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Jade-toothed skulls from Mayan burials await analysis by team from Down Under

Jade-toothed skulls from Mayan burials await analysis by team from Down Under

Published:08 December 2017

CQUniversity 'bioarchaeologist' Dr Stan Serafin (pictured centre) will take along two of his undergraduate anatomy students - Jacqueline Harper (left) and Hayley Vandenberg - to help with the task of analysing the remains from a cave in Chiapas, and also some from burials in the neighbouring state of Tabasco.BELOW: Dr Serafin pictured in a laboratory setting.

A trio of Australians will help analyse a large number of human skeletal remains recently excavated from a cave in the southern Mexican state of Chiapas, which borders Guatemala.

The remains have not yet been studied but preliminary observations by the archaeologists who excavated them have noted that some teeth have jade inlays while others are filed into different shapes, some crania were modified (indicating head binding) and there may be cut marks indicating defleshing and/or dismemberment.

CQUniversity 'bioarchaeologist' Dr Stan Serafin, based in Sydney, will take along two of his undergraduate anatomy students from Rockhampton to help with the task of analysing the remains from the cave in Chiapas, and also some from burials in the neighbouring state of Tabasco.

The trio will be based in the laboratory of Dr Roberto López Bravo at the Universidad de Ciencias y Artes de Chiapas in the city of Chiapa de Corzo from late January through to early February, 2018. The human remains were excavated as part of the Proyecto Económico de los Altos de Chiapas, co-directed by Dr López Bravo and Dr Elizabeth Paris of the University of Calgary.

The visitors also plan trips to several archaeological sites, including Palenque, Yaxchilan, Comalcalco and Chiapa de Corzo.

Dr Serafin is the only Australia-based academic specialising in burials from ancient civilisations of the Americas, so the excursion will be a unique experience for the two Rockhampton students.

“We will seek to shed light on the people buried in the cave. Were they refugees from a collapsing Mayan city? Why were they interred there? Were they victims of sacrifice and/or warfare?

“We will inventory all the teeth and bones to determine how many individuals were interred in the cave, as well as their age, sex, diet and health.

“We will identify the different styles of head-binding and tooth-filing to determine ethnicity and cultural affiliation.

“We will analyse trauma and cutmarks to determine if these individuals were victims of violence or subjected to protracted funerary rituals.”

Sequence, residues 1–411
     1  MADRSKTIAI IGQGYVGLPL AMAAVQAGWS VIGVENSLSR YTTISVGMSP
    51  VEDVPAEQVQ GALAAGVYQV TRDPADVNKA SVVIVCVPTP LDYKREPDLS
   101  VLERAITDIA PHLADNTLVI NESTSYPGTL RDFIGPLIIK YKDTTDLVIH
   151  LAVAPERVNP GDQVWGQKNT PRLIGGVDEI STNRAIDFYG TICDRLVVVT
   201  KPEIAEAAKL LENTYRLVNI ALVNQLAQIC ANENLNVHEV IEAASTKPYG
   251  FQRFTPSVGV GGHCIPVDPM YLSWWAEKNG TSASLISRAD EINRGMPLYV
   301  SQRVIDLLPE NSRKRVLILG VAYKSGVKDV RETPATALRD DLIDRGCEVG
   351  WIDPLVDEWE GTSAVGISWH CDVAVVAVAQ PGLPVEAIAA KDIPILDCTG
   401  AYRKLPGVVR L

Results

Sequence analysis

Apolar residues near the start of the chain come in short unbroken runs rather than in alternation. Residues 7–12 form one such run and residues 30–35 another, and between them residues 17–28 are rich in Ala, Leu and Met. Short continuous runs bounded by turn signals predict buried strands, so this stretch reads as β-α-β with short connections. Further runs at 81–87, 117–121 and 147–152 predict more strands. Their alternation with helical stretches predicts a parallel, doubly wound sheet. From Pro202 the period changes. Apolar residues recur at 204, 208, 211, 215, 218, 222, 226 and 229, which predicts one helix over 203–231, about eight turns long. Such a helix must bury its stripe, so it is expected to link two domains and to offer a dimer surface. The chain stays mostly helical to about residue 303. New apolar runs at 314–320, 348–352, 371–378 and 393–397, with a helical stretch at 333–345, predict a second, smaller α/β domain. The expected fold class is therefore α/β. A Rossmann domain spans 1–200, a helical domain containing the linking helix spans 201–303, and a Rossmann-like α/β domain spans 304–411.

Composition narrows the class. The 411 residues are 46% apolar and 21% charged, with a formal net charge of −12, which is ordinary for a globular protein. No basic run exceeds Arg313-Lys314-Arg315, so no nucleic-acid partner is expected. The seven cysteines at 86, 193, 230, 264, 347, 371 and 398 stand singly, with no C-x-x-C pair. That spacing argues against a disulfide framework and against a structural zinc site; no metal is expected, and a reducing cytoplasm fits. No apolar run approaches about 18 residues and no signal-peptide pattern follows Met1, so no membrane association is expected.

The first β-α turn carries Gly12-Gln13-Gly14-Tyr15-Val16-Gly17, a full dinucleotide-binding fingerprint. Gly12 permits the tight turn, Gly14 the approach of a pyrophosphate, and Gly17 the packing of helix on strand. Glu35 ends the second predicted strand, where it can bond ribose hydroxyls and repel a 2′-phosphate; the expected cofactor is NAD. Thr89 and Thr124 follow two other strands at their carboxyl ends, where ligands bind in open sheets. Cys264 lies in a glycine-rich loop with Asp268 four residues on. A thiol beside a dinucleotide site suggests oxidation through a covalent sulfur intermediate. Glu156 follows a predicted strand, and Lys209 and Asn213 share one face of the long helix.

Dr Serafin says it’s already known that the remains date to the Late Classic (A.D. 800-1000) and Early Postclassic (A.D. 1000-1200) periods.

“This was an important period of transition during which many Mayan cities were collapsing, yet for unknown reasons this region of highland Chiapas saw an increase in population during this time. Geographically, the sample is from the western Mayan borderlands where there were/are diverse Mayan and non-Mayan ethnic groups in close proximity.”

CQUni student Jacqueline Harper said the Mexican project would be a great way to start 2018 as she headed into her second year of study in the Bachelor of Occupational Therapy (Honours) degree.

“Over the last year, Stan's passion for anatomy and bioarcheology has sparked my interest in the subject, which I had never previously considered,” Ms Harper says.

“The Mexico study school appealed to me as it provides an opportunity for me to learn and experience new things. Visiting an unfamiliar country will provide insight into new cultures and allow me to gain additional knowledge, both personally and academically.”

Around 3.5 years ago, Ms Harper moved from Nhulunbuy in the Northern Territory to Rockhampton with her husband and three children to expand on career options, although the family hopes to return to work within the remote communities one day.

“Prior to commencing my university journey, I worked at as a teacher aide at Rockhampton Special School,” she says.

“Since starting my degree I have been employed by the CQUni accessibility team as a participation assistant.  Over Term 3, I volunteer at the Mater Hospital Rehabilitation Ward two days per week and have recently started a position at CentrecareCQ as a disability support worker.

“I completed the CQUni STEPS preparatory program prior to completing my undergraduate degree and I am the first person in my family to attend university.

“I believe that anything in life that does not go to plan or as expected is for a reason and that better options eventuate as a result. Studying at CQUniversity and having opportunities like this trip, is one of the positive things that transpired in my life.”

CQUni student Hayley Vandenberg is focused on her Podiatry degree but says she’s always been interested in archaeology.

“It sounded like an amazing opportunity. As the trip gets closer I am excited and nervous for my first overseas trip,” she says.

Originally from Sydney, Hayley moved to Rockhampton around seven years ago and enrolled in CQUni’s STEPS preparatory program before progressing her degree studies.

She has two children and a very supportive husband and family who enable her to fit in her study around work commitments.

“I have been working at Malouf Pharmacy for two years as a cosmetics consultant/beauty therapist,” Hayley says.

“It is being a beauty therapist that led me to want to be a podiatrist. Working in the medical field has always been a passion of mine.”